The Philippine government is rushing its safety probe of an American nuclear power plant being built on the slope of a volcano in order to weaken opposition to the reactor, a Philippine opposition leader charged yesterday.

Lorenzo Tanada told a news conference in Washington that the "hasty and hurried" hearings of a special commission showed that the group "is interested if finishing the job, not in doing a good job."

Tanada was offered the job of heading the commission, which President Ferdinand Marcos named in the wake of the Three Mile Island accident in Pennsylvania. However, Tanada said, he turned it down because he lacks impartiality in the matter.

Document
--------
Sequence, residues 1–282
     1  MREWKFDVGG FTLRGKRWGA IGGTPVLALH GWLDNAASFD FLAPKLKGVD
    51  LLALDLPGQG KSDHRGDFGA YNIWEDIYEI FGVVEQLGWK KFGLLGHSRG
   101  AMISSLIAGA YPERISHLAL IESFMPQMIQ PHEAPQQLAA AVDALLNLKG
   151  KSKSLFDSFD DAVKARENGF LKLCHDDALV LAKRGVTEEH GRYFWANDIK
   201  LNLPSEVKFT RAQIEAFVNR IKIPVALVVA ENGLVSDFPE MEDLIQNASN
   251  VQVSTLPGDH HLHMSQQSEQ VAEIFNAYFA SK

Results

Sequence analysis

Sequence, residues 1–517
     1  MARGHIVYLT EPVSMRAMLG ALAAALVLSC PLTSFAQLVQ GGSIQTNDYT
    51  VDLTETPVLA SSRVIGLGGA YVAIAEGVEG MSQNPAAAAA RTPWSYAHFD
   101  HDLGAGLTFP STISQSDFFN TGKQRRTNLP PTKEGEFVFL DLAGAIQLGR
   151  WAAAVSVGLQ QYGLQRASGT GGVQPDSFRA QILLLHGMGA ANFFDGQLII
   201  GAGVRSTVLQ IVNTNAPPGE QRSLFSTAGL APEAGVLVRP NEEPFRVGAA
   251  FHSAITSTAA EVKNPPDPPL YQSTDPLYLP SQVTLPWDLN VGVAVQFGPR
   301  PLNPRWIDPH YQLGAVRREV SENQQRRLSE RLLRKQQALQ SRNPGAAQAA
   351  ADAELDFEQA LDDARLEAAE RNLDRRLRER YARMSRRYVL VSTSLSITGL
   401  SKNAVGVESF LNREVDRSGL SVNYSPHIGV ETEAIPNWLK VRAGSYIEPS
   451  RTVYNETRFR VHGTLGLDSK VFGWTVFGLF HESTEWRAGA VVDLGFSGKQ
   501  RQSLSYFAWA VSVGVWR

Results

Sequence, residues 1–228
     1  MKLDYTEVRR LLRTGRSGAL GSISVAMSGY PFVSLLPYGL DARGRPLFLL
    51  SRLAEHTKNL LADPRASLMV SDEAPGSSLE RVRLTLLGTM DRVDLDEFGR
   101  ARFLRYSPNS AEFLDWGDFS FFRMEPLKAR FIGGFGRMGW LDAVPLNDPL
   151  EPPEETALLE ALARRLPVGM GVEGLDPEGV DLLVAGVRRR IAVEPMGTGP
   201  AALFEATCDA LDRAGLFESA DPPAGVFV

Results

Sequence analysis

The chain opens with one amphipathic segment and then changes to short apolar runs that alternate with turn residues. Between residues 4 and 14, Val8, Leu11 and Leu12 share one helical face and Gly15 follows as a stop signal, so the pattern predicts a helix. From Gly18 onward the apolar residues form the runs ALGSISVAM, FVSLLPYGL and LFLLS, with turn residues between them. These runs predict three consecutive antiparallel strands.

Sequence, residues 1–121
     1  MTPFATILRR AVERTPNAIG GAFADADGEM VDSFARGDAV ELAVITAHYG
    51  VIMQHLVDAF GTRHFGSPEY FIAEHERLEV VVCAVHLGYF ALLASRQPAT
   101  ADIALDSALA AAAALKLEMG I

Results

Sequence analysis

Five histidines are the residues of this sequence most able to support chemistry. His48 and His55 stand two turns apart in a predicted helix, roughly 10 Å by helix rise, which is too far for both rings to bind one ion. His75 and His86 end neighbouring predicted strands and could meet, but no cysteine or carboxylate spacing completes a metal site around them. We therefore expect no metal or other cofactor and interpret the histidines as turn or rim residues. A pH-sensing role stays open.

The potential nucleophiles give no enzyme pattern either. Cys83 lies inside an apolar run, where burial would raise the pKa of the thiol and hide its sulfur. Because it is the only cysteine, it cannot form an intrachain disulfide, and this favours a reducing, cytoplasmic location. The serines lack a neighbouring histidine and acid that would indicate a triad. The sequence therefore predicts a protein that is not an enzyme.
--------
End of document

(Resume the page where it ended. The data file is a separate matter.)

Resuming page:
Tanada and others have criticized the planned nuclear plant as sitting on top of an active earthquake zone and too near Mount Natib, an inactive volcano that may only be dormant. They have also charged that the Westinghouse design is faulty. The company maintains that both its equipment and the site are safe.

The case has become something of a test of U.S. policy on nuclear exports, which have traditionally involved only an assessment of risk to American national security and no evaluation of environmental effects. That aspect has been left to the foreign governments as their sovereign right. Marcos suspended reactor construction pending his commission's report.

Permits to export the 626-megawatt reactor and other parts have been pending before the State Department and the Nuclear Regulatory Commission since 1976. The permits should not be issued, Tanada said. He plans to take U.S. nuclear safety experts back with him to the Philippines to testify before the commission.